HONG KONG: Hong Kong officials say they have found traces of cocaine in cans of Red Bull, a few days after Taiwanese authorities confiscated close to 18,000 cases of the popular energy drink.
Officials at the Centre for Food Safety said a laboratory analysis found tiny amounts of the illegal drug in samples of "Red Bull Cola," "Red Bull Sugar-free" and "Red Bull Energy Drink", a spokesman said.
The drink has now been taken off the shelves of major supermarkets, the spokesman said in a statement issued late Monday. He added that the amount of cocaine found in the drinks posed little health danger.
Red Bull moved quickly to deny the findings and said independent tests on the same batch of drinks had found no traces of cocaine.
The Centre for Food Safety found traces of cocaine between 0.1 and 0.3 micrograms of the illegal drug per litre, the statement said.
Hong Kong's commissioner for narcotics, Sally Wong, said the government was now taking legal advice on any possible liability for importers and retailers.
"Cocaine is a dangerous drug... The possession and dealing in the drug is a criminal offence," she said in the statement.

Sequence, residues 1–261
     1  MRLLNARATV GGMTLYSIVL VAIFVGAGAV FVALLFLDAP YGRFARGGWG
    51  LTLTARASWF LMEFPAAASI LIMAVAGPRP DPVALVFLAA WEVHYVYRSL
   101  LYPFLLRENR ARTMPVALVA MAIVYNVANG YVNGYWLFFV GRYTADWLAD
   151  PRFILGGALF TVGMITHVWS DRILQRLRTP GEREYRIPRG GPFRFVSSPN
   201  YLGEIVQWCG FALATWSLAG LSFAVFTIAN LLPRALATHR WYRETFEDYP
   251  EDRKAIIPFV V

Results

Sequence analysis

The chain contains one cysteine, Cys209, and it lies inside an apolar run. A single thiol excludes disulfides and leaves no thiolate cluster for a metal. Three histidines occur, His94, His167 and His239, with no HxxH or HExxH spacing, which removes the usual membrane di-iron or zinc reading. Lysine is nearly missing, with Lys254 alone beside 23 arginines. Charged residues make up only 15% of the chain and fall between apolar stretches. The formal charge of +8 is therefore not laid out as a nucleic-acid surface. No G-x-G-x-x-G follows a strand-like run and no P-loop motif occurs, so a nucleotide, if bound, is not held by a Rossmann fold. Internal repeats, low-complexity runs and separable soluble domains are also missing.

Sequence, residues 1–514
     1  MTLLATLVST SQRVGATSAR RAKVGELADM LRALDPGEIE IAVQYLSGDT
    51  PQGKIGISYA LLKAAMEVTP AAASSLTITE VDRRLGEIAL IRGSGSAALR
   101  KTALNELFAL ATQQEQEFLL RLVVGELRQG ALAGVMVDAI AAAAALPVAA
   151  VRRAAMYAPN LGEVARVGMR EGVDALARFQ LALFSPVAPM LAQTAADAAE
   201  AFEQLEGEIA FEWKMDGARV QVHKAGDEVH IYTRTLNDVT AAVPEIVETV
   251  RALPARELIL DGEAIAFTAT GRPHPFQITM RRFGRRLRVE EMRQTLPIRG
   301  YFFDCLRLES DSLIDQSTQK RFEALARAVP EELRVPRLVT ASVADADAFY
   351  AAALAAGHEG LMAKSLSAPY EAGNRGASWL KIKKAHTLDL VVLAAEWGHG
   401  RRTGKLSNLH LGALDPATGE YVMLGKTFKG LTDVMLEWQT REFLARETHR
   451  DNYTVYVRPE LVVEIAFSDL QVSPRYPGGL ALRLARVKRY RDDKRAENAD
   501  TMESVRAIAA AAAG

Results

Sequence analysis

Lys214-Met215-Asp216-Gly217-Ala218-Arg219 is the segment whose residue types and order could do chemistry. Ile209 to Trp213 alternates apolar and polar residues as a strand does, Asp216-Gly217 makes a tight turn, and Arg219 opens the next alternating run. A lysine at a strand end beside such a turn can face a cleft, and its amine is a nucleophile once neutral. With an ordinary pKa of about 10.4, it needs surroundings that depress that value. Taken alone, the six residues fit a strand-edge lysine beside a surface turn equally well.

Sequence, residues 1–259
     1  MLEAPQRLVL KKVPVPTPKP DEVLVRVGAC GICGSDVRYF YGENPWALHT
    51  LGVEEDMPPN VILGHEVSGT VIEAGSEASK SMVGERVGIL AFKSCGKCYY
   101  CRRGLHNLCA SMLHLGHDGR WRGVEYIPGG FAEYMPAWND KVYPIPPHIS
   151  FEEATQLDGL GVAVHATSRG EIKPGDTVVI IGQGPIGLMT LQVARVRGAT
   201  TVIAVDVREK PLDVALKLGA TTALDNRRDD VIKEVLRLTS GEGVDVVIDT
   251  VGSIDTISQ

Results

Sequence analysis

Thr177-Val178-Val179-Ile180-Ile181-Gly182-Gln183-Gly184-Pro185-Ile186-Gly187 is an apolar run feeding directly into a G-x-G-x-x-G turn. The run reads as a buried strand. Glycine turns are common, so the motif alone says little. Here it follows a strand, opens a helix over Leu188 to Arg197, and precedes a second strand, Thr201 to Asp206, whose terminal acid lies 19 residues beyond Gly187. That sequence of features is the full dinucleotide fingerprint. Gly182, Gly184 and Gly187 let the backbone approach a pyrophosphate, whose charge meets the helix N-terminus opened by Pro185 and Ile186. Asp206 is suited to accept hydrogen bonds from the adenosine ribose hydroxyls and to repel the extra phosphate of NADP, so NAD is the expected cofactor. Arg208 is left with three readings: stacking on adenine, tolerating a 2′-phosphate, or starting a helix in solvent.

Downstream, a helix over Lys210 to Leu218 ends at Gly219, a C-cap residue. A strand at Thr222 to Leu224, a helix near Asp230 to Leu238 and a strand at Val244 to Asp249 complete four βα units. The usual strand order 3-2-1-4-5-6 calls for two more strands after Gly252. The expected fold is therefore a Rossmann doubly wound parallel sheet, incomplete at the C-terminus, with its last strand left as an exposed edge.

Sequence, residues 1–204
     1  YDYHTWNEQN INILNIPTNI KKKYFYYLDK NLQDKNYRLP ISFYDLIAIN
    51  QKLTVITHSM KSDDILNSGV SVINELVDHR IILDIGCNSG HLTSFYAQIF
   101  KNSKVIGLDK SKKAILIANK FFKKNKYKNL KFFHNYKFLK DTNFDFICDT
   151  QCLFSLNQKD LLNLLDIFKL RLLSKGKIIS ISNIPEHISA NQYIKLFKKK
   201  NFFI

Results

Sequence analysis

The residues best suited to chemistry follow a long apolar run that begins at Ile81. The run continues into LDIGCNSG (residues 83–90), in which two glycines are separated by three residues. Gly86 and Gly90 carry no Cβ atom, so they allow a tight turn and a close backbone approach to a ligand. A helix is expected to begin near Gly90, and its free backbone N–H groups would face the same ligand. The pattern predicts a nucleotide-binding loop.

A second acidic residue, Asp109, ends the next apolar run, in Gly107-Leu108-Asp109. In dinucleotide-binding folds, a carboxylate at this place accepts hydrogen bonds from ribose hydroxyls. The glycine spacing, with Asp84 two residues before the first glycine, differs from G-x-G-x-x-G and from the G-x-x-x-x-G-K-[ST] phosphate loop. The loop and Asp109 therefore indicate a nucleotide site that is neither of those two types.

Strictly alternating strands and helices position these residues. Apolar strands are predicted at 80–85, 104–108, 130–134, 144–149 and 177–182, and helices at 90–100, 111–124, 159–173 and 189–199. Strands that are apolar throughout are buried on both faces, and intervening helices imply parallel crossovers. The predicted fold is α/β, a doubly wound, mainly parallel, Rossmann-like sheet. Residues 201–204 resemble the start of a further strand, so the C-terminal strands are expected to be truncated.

Red Bull's Asia Pacific marketing director, Daniel Beatty, said the firm strongly disputed the findings.
"It would have been absolutely impossible for the Hong Kong or any other authorities to have found traces of cocaine in Red Bull Energy Drink," he said in a statement.
"We expect the Hong Kong authorities to recognize their error soon," he said, adding the firm's representatives were already meeting with Taiwanese authorities to point out the error.
Taiwan officials said Saturday they had confiscated nearly 18,000 cases of Red Bull imported from Austria after finding it contained traces of the drug.
Taiwanese authorities ordered the drinks to be removed from shelves pending further investigation.
Red Bull, whose advertising slogan is "Red Bull gives you wings," was founded by Austrian toothpaste salesman Dietrich Mateschitz in the 1980s.
It has since become one of the dominant players in the global energy drinks market.